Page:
Perhaps it’s the same florist’s referenced as Mrs. Troy’s latest job du jour in Green Sunrise, the long-hiatused sequel. Predictably, she’s fired when she’s caught putting bruised flowers in a full-price bouquet, and gets into a fight with the boss in front of customers, rips apart bouquets, and throws them into everyone’s faces.

Marble Hill

Copyright Ajay Suresh

Marble Hill is the northernmost neighborhood in Manhattan, and the only one on the North American mainland. Because it’s not on that densely-packed island, it has ample land for detached houses with large yards. Best of all, Marble Hill is still very affordable for normal people.

The area was occupied by Dutch colonizers in 1646, and a ferry was permitted in 1667. Many settlers, however, weren’t happy about the ferry toll, and so waded or swam Spuyten Duyvil Creek to enter what is now Kingsbridge, the Bronx (then part of Yonkers).

In 1693, the King’s Bridge was erected to connect Marble Hill with the mainland. The Dyckman Free Bridge opened 1 January 1759 and took a lot of traffic, and money, away from the other bridge.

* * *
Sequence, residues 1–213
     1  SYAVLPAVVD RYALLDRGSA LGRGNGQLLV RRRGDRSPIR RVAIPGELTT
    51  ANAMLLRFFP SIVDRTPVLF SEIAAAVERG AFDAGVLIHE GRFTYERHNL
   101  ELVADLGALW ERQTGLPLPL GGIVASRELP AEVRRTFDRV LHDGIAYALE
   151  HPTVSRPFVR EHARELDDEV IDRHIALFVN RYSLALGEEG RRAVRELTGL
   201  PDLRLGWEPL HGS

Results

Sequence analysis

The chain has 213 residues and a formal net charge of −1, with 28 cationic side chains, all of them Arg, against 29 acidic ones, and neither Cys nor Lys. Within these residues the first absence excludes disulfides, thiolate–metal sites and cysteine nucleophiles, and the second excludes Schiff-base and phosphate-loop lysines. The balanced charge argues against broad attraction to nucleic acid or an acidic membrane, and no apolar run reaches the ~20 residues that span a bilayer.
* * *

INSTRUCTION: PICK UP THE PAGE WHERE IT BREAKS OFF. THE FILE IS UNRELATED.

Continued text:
Copyright kajikawa

The Continental Army had a fort in Marble Hill during the American Revolution, which was taken over by Hessians in November 1776 and renamed Fort Prince Charles after King George III’s brother-in-law, the Duke of Brunswick. The two bridges served as escape routes for retreating Continental soldiers after their brutal defeat at the Battle of Fort Washington on 16 November 1776.

The Dyckman Free Bridge was later destroyed during the Revolution.

Copyright Oneam

In January 1777, the Continental Army attacked the occupying Hessians and drove them from Hyatt’s Tavern back into the fort to return fire, but General William Heath badly botched the attack, and his troops were routed. General Washington censured him, and he never again had command of any troops.

Marble Hill remained a sleepy, rural area with but a few businesses well into the 19th century. After Hyatt’s Tavern was razed, it was replaced by the Kingsbridge Hotel on the east side of Broadway at 226th St. Many of its patrons were fishers and sportsmen who came through the area to engage their hobbies.